In prostate cancer screening of asymptomatic men aged 55 to 69
- In men aged 55–69 who have been counseled on the known harms and potential benefits of prostate cancer screening, the U.S. Preventive Service Task Force (USPSTF) May 2018 statement states, "The use of digital rectal examination as a screening modality is not recommended because there is a lack of evidence on the benefits." The American Academy of Family Physicians (AAFP) states, "Digital Rectal Exam does not improve detection of prostate cancer and should not be performed as a part of screening." The American Urology Association (AUA) 2013 (reviewed and validity confirmed 2018) guideline panel states, "The literature supporting the efficacy of digital rectal exam (DRE) for screening with the goal of reducing prostate cancer mortality provide limited evidence to draw conclusions." "The guideline panel could find no evidence to support the continued use of DRE as a first-line method of screening." Although DRE has long been used to diagnose prostate cancer, no controlled studies have shown a reduction in the morbidity or mortality of prostate cancer when detected by DRE at any age.
- A meta-analysis published in the Annals of Family Medicine concluded: "Given the considerable lack of evidence supporting its efficacy, we recommend against routine performance of DRE to screen for prostate cancer in the primary care setting."
The digital rectal examination is a relatively simple medical procedure. The patient undresses and is then placed in a position where the anus is accessible (lying on the side, squatting on the examination table, bent over it, or lying down with feet in stirrups). If the patient is lying on his/her side, the physician will usually have her/him bring one or both legs up to his/her chest. If the patient bends over the examination table or the back of a chair, the physician will have her/him place his/her elbows on the table and squat down slightly. If the patient uses the supine position, the physician will ask the patient to slide down to the end of the examination table until his/her buttocks are positioned just beyond the end and then place her/his feet in the stirrups. The physician spreads the buttocks apart and will usually examine the external area (anus and perineum) for any abnormalities such as hemorrhoids, lumps, or rashes. Then, as the patient relaxes and bears down (as if having a bowel movement), the physician slips a lubricated finger into the rectum through the anus and palpates the insides for a short time.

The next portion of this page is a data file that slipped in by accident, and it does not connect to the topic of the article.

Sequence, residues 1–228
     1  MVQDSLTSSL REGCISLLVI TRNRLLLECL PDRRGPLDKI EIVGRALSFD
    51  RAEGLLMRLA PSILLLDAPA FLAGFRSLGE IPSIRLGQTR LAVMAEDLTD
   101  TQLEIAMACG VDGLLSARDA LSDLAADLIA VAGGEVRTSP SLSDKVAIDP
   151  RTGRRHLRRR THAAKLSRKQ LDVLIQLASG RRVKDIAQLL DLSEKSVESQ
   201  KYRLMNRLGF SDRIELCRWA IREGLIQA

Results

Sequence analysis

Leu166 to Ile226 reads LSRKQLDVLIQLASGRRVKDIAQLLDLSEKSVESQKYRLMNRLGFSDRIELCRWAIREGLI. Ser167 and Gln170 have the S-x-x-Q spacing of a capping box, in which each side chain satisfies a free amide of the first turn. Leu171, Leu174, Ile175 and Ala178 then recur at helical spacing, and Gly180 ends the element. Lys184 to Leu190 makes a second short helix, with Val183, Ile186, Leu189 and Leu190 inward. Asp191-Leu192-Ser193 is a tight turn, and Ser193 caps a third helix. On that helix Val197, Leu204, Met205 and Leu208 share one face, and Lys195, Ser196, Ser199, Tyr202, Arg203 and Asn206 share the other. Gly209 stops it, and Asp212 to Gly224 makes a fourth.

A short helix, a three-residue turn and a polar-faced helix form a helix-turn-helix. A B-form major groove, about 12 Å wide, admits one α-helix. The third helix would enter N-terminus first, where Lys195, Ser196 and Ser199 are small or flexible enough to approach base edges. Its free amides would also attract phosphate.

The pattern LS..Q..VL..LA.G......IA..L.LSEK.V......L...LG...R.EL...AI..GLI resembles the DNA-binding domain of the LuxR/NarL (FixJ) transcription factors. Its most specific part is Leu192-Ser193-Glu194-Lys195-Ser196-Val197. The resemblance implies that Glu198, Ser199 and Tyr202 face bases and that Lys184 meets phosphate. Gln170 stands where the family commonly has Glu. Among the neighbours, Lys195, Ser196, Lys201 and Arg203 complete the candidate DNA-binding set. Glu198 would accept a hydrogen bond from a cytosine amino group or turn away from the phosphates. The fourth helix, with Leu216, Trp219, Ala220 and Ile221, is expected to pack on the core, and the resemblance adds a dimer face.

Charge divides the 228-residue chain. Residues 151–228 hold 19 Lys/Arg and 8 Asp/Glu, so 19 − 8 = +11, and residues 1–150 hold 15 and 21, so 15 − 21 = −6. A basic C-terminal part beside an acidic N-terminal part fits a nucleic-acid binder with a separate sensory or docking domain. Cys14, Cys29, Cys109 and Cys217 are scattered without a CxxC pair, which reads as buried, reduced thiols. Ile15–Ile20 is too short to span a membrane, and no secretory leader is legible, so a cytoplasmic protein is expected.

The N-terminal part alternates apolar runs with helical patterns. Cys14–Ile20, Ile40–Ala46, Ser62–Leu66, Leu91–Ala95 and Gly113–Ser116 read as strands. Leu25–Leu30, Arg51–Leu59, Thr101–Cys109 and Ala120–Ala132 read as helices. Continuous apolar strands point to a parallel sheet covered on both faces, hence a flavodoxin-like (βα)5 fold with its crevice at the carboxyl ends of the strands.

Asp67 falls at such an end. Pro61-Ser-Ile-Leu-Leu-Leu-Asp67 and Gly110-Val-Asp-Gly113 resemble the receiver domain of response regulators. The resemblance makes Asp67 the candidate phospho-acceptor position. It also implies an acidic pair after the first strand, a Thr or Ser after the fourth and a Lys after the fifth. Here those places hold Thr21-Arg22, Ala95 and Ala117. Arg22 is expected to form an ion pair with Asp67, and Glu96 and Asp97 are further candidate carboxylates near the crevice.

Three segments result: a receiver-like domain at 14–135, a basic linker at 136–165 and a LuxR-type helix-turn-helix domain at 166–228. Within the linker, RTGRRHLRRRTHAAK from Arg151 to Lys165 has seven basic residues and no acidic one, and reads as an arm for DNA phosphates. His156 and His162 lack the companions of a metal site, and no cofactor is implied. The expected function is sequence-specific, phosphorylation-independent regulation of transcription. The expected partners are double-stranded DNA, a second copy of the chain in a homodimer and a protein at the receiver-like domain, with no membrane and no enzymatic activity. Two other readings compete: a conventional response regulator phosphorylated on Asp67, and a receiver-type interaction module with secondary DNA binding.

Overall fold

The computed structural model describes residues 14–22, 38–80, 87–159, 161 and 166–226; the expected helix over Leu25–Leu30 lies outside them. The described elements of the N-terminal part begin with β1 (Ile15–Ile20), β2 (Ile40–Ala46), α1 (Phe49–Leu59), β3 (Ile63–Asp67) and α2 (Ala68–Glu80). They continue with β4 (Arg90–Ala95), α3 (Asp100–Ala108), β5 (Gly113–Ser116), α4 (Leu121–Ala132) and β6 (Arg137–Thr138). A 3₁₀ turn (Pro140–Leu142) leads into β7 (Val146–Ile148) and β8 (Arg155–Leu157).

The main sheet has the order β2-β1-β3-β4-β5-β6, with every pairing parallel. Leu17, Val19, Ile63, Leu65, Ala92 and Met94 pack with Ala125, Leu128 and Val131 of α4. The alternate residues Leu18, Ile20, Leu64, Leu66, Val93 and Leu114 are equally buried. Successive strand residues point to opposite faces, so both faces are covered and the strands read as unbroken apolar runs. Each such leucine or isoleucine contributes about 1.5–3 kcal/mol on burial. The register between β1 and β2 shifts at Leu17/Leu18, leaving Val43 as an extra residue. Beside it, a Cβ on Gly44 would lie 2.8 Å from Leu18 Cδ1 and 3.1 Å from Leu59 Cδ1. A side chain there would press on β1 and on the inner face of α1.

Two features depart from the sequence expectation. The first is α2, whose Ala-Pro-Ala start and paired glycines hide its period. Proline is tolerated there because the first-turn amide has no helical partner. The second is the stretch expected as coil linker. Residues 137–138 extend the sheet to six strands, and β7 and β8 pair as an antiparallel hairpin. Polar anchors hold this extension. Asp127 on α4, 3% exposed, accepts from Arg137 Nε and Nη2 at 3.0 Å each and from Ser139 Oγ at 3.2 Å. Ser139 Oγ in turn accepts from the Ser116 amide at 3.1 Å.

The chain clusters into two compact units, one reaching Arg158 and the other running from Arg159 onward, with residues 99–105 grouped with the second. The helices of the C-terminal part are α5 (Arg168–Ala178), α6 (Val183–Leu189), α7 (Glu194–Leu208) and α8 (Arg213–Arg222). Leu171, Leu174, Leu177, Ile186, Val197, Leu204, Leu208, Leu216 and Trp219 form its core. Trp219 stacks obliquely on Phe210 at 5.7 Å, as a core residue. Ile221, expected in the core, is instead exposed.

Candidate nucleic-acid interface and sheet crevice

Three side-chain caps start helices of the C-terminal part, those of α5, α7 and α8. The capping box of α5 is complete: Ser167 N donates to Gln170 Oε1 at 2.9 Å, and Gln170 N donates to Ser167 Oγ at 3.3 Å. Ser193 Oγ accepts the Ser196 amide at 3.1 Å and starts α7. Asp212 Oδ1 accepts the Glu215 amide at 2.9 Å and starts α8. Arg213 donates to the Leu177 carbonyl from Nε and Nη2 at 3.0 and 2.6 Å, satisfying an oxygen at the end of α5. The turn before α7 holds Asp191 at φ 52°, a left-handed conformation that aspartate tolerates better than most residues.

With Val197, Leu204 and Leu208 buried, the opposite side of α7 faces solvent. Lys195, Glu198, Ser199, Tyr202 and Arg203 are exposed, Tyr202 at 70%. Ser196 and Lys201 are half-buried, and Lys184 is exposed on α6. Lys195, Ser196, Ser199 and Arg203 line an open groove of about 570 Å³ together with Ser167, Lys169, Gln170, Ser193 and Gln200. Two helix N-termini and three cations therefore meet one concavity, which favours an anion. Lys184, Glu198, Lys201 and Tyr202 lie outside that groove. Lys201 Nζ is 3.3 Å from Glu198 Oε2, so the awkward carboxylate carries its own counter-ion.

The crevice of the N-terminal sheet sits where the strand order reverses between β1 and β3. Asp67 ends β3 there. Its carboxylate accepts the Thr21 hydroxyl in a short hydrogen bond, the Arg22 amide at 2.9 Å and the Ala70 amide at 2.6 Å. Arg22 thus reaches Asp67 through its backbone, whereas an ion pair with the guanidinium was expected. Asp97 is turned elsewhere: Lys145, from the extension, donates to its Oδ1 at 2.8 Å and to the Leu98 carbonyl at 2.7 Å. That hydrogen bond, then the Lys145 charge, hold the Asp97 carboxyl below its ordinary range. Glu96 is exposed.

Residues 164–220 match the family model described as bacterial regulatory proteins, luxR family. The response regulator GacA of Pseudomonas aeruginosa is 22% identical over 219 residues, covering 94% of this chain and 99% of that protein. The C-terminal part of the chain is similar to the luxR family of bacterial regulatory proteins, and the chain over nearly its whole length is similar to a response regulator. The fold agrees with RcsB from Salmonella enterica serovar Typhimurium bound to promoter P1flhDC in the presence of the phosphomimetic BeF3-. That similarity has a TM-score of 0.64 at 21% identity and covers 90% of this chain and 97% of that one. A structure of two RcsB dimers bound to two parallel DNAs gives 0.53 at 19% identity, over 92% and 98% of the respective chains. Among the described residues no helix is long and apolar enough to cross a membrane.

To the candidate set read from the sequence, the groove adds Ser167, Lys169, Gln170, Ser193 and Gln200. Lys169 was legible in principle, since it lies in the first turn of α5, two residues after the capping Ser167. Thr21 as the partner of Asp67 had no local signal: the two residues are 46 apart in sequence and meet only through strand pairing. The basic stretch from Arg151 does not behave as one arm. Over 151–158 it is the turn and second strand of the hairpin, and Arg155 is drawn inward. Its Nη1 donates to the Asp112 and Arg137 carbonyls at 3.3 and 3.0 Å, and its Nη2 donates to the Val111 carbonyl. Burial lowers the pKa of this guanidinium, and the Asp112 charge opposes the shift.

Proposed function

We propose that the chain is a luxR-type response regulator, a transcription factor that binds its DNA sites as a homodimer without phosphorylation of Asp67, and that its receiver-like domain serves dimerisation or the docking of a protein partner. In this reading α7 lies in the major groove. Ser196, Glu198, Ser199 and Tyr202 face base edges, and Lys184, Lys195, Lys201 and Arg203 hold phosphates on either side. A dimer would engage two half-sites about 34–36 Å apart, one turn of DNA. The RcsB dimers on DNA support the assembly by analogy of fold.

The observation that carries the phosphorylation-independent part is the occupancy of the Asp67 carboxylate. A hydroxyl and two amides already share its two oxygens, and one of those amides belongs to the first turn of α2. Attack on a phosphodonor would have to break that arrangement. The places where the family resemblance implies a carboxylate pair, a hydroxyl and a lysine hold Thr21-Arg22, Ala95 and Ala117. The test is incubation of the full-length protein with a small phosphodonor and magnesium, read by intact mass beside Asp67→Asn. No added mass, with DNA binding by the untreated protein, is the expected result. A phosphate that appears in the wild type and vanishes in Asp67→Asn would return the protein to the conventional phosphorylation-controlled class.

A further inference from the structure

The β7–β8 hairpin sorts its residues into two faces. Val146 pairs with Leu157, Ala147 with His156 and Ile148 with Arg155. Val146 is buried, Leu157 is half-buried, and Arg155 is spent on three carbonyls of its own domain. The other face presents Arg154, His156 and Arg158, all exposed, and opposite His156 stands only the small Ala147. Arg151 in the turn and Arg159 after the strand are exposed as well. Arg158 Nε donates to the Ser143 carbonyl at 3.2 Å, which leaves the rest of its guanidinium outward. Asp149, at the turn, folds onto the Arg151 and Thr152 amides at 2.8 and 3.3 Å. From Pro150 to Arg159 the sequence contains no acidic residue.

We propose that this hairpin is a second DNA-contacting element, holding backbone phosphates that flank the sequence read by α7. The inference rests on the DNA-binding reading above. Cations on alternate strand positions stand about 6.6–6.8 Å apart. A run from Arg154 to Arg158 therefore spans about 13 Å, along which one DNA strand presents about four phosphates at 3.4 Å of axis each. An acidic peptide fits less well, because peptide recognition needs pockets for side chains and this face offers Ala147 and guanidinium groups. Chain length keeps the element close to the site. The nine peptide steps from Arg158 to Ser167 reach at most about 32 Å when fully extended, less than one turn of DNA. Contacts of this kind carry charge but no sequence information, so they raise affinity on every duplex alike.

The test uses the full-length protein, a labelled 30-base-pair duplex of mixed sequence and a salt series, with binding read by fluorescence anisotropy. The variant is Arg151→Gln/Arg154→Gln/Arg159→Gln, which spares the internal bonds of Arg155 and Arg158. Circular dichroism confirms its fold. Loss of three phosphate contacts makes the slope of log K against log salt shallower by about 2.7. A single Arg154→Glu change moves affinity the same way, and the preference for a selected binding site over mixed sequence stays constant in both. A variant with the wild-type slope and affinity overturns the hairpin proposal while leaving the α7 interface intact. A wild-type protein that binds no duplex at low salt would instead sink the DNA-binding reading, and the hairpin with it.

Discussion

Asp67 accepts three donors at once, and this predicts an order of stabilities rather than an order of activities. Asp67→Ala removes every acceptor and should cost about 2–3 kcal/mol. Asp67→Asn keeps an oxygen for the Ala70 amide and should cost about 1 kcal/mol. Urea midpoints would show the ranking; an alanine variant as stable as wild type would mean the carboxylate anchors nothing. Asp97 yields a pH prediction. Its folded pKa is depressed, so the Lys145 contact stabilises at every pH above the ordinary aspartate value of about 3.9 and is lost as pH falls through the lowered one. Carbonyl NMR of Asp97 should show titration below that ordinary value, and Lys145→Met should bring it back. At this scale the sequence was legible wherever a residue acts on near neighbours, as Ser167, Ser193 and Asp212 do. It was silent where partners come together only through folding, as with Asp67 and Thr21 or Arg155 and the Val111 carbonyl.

Society and culture
Due to the taboos surrounding the anus and the potential for discomfort and embarrassment, the rectal exam is a common comedic device, including in episodes of Saturday Night Live, Impractical Jokers, Futurama, Family Guy, South Park and the movie Fletch, with M. Emmet Walsh as the general practitioner and Chevy Chase as the patient being examined. Similar activities to the rectal exam are attributed to extraterrestrials in video games such as Saints Row IV, Gaia Online and Destroy All Humans!. The practice of rectal exams without prior consent by medical students has been an area of concern.
This article needs additional citations for verification. (November 2018)
In veterinary medicine rectal examination is useful in dogs for analysis of the prostate (as in men), pelvic urethra, sublumbar lymph nodes, and anal glands. In horses it is a vital component of the clinical examination for colic, to determine the presence or absence of bowel torsion, impaction, or displacement. When horses undergo a rectal examination there is a small risk of a rectal tear occurring, which can be a life-threatening event, rapidly leading to peritonitis and septic shock. It is also a common procedure in cattle, and is one method of diagnosing pregnancy in both the horse and the cow.
The procedure in dogs and cats is similar to humans. For the horse, the patient stands in a stock and may be sedated. The examiner puts on a long glove that extends to the shoulder. The examiner inserts the hand and arm into the rectum as far as necessary.